The 41st Curtis Cup will take place next week, 26-28 August, at Conwy Golf Club, Wales, and among the supporters will be Club President Ian McMurray with his wife Blanche, and Club Captain Eugene Maguire and wife Christine. They are all looking forward to the occasion immensely and very keen to wish Annabel well.
“I feel very proud and privileged to be able to attend such a prestigious event. We have all been very aware of Annabel’s talent for a long time and also of the dedication and effort she has put in to reach this standard. On behalf of everyone at Lurgan Golf Club I offer her many congratulations on her selection for the team and every best wish in her matches next week,” said Eugene.
Lady Captain Ita also sends best wishes on behalf of all the ladies. 'We are so proud of Annabel and the great success she is having is due to her dedication and hard work. The ladies have watched, and some have been lucky enough to play with Annabel over the years both in our competitions and on various club teams. She has been involved in many of our successful club teams over the years such as the Senior Foursomes Ulster winners in 2013, one of our first teams to reach an All-Ireland final. We knew she had a special talent and it is so good to see her achieve her ambition of playing on the Curtis Cup team. We will all be following her progress in her matches and wish her and Ireland's other representative Lauren Walsh all the very best. We will all be glued to the television and watching with great pride.'
The Curtis Cup was presented to the United States Golf Association by two sisters who were remarkable in many ways. Harriot and Margaret Curtis were the youngest of ten siblings and lived near Boston. Encouraged to participate in sport from a very early age, Harriot won the US Women’s Amateur Golf Championship in 1906 but was then beaten by her sister Margaret in the final of 1907. Margaret went on to win the trophy again in 1911 and 1912. Margaret also won the US Amateur Doubles Tennis Championships in 1907.
Although they will be best remembered for golf and the Curtis Cup, they were most proud of the work they did for people in need both within their own community and abroad.
In 1909 they set up the Maverick Dispensary to help impoverished Italian immigrants and funded it themselves.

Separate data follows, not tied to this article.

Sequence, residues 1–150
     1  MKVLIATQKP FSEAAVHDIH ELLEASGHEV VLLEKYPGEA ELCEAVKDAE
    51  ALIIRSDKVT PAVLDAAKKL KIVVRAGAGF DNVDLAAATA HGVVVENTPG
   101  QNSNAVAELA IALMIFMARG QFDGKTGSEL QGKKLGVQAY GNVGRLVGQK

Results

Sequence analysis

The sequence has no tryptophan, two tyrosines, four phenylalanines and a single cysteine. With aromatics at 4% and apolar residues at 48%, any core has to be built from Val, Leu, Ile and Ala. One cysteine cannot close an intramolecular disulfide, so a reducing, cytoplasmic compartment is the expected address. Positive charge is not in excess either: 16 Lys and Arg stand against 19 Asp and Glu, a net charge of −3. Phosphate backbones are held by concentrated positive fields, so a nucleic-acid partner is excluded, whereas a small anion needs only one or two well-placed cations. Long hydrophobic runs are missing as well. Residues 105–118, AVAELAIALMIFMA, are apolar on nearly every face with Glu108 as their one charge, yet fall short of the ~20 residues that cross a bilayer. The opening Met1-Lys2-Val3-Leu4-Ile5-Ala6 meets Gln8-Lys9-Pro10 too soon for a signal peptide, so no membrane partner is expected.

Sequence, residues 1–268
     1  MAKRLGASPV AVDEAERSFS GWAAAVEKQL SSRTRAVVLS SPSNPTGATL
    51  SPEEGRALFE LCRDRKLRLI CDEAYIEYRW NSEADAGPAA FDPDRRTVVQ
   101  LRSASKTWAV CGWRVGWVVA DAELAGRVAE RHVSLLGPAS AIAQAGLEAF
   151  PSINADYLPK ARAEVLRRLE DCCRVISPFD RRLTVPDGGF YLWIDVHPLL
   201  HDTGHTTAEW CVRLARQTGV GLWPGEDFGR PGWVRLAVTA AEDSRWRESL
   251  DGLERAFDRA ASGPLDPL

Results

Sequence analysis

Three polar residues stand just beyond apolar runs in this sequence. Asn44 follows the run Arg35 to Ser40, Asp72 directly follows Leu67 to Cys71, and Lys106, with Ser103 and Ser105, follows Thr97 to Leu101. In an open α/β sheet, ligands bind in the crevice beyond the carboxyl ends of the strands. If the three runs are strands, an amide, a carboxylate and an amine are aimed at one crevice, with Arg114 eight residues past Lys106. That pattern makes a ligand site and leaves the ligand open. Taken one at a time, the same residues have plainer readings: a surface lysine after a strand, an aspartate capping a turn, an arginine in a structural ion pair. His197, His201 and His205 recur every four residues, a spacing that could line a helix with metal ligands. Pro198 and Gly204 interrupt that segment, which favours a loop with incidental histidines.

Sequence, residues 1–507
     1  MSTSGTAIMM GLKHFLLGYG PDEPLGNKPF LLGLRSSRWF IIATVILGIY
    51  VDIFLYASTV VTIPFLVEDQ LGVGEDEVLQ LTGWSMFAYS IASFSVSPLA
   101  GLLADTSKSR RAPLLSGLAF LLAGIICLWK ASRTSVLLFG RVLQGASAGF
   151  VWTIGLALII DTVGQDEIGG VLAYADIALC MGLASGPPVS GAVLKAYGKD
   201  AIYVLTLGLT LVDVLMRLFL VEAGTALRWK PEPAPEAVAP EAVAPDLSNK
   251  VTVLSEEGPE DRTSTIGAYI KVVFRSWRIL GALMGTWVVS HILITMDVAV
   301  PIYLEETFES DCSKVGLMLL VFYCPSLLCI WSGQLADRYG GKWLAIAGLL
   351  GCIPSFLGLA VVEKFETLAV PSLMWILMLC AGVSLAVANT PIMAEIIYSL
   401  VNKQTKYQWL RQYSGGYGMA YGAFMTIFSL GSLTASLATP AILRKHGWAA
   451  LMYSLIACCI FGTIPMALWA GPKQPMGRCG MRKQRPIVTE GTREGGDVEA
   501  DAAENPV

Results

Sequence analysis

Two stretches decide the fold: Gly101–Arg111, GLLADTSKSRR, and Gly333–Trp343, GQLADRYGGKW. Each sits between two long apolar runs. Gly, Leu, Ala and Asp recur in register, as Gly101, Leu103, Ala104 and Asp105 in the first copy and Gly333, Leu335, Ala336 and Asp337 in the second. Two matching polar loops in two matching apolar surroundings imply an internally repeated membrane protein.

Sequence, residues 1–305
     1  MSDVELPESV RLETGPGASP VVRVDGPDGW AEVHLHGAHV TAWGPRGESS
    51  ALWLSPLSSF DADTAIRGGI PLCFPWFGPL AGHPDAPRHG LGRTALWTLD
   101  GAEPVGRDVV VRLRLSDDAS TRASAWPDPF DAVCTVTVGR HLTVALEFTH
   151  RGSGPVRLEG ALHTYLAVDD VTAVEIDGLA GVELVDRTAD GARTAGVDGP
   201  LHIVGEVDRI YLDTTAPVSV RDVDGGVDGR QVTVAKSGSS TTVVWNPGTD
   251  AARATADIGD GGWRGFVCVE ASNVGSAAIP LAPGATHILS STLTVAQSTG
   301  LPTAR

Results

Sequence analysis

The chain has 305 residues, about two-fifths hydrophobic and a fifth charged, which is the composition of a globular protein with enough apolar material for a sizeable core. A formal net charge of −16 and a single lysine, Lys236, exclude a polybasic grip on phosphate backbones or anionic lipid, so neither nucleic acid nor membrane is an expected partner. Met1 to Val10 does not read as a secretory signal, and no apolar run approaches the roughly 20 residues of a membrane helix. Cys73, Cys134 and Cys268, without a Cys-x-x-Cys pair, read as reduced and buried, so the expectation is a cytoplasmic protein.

Harriot worked on behalf of African Americans at a time when racism was rife in the country. Through her friendship with the conductor of the Boston Philharmonic Orchestra she arranged an audition for a young black singer called Dorothy Maynard. Dorothy performed exceptionally well and although race laws prevented her from singing in any American Opera House, she filled many concert halls over the years. She then went on to form the Harlem School of the Arts and always expressed her gratitude for the start given to her by Harriott Curtis.
At the outbreak of the First World War Harriot was director of charities set up to help refugees and other problems caused by the war. She volunteered at the Centre for French wounded.
In 1916 Margaret went to France to help with a desperate humanitarian crisis caused by the First World War. Such was the work she did that she was awarded the Medaille de Guerre by the French Red Cross in 1919, and the Medaille de la Reconnaissance by the French Government in 1920.
After the war she helped set up health clinics in Austria, Poland and Czechoslovakia. She also went to Greece, where the war between Greece and Turkey raged on, and helped with a desperate refugee crisis. She only returned to America when her mother died in 1923.
It would be wrong to write about the Curtis Cup without mentioning these two remarkable ladies. They worked tirelessly to promote better understanding between nations and presented the Cup to the United States Golf Association in 1927. For whatever reason the first match was not played until 1932. The inscription on the Cup sums up what the two sisters put so much of their lives into.
‘To stimulate friendly rivalry among the women golfers of many lands.’
They both died in the house in Boston in which they were born, Margaret in 1965 at the age of 82, and Harriot in 1974 aged 93.